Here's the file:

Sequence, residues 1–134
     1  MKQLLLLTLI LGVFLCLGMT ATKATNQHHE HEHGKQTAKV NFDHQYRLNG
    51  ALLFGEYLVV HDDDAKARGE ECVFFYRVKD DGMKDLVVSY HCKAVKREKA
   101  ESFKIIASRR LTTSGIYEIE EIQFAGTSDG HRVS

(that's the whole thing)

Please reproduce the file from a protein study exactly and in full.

Sequence, residues 1–134
     1  MKQLLLLTLI LGVFLCLGMT ATKATNQHHE HEHGKQTAKV NFDHQYRLNG
    51  ALLFGEYLVV HDDDAKARGE ECVFFYRVKD DGMKDLVVSY HCKAVKREKA
   101  ESFKIIASRR LTTSGIYEIE EIQFAGTSDG HRVS